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Untouched and virtually unexplored, this ruggedly beautiful and remote region lies at the far north of the Wild Atlantic Way. It’s no wonder Donegal was named the ‘Coolest Place on the Planet for 2017’ by National Geographic Traveller. Nature is spectacular and bracing here, from the sheer granite walls of some of Europe’s highest seacliffs, at Sliabh Liag, to the Northern Lights dancing in clear winter skies, to the millions of seabirds gathering in great estuaries, en route across the globe. There’s a strong sense of community in this sparsely populated region: Ireland’s wildest shores are home to its largest Gaeltacht – where Irish is still the mother tongue and traditional culture thrives. This is where St Columba set sail for the island of Iona. Out here on Ireland’s northernmost headlands, 11 lighthouses shine out across the sea. And journeys – physical and spiritual – begin. The sea air revives, minds and horizons expand, stories are told, adventures are shared, and spirits lift.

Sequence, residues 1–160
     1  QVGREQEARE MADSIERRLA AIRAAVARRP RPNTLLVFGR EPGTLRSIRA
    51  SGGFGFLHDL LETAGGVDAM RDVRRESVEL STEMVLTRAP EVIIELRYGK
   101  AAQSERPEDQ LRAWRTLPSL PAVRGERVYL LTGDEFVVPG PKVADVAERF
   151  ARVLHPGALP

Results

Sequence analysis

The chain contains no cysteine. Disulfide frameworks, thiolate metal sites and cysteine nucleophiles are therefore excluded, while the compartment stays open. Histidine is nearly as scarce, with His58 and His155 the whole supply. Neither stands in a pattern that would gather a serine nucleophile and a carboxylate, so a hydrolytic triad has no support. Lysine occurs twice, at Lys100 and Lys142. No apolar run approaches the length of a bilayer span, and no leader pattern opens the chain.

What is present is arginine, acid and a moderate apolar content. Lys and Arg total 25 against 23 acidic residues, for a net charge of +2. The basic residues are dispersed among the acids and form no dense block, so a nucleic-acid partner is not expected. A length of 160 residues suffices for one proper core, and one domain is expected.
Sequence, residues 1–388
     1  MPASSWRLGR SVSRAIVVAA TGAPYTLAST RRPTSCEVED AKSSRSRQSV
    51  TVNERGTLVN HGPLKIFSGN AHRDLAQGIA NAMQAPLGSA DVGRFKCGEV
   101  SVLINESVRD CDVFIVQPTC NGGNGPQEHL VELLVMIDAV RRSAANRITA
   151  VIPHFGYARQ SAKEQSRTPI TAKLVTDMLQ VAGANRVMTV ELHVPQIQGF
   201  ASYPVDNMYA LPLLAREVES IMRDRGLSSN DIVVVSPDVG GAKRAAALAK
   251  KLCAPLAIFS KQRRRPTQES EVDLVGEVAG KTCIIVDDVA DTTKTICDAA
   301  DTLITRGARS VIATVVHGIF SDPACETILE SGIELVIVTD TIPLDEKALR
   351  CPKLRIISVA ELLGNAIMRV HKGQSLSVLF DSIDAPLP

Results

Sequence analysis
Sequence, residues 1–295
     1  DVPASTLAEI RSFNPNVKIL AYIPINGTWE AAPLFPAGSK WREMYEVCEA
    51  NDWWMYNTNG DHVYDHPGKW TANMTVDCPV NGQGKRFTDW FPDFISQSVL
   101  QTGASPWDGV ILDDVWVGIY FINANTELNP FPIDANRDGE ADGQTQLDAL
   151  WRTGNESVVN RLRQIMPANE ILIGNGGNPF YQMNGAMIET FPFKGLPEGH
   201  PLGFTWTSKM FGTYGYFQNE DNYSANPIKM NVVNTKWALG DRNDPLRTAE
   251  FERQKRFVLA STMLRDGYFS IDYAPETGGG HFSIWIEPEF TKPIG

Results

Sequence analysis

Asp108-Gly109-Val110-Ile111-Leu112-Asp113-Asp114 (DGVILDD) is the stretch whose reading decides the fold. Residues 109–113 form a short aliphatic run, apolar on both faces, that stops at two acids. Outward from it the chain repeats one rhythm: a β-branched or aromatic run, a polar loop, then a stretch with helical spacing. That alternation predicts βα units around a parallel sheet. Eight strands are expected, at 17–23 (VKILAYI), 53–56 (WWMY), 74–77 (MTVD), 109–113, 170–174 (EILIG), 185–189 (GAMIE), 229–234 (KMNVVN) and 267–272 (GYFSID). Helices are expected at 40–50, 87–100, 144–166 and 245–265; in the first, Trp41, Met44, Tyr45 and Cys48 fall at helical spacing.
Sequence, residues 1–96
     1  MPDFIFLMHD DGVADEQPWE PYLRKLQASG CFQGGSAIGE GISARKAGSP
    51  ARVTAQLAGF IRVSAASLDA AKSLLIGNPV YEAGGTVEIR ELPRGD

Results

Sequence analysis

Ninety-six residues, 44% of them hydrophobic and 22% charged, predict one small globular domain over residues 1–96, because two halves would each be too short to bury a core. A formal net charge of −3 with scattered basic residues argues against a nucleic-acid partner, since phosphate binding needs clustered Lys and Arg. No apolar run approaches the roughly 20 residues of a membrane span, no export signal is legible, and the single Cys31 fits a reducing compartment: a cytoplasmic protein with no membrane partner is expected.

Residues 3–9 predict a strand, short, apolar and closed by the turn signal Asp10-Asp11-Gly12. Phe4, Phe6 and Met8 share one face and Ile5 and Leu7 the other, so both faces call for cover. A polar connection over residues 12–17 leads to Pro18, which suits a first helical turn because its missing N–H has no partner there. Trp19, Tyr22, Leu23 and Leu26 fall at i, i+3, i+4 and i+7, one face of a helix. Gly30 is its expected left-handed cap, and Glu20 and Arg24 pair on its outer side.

Perched at the top of the Inishowen Peninsula, Ireland’s most northerly point boasts scenic beauty and historical, scientific and ecological significance.
With vigorous waves, rugged shores and a majestic lighthouse to welcome you, Fanad Head and its memorable views are not to be missed.
One of Europe's finest marine cliffs, enjoy breathtaking views of Donegal Bay and the Sligo Mountains from 600m above raging sea swells.
Whether you’re looking for a relaxing getaway in stunning surrounds, or fancy an exhilarating outdoor adventure, the northern headlands of Donegal have it all.
The Northern Lights’ are one of the world’s great solar phenomenons, you can experience this incredible and unusual sight... if you’re lucky enough.
From the tip of Malin Head to the splendour of Donegal Bay, the north west of Ireland has incredible walks for you to explore.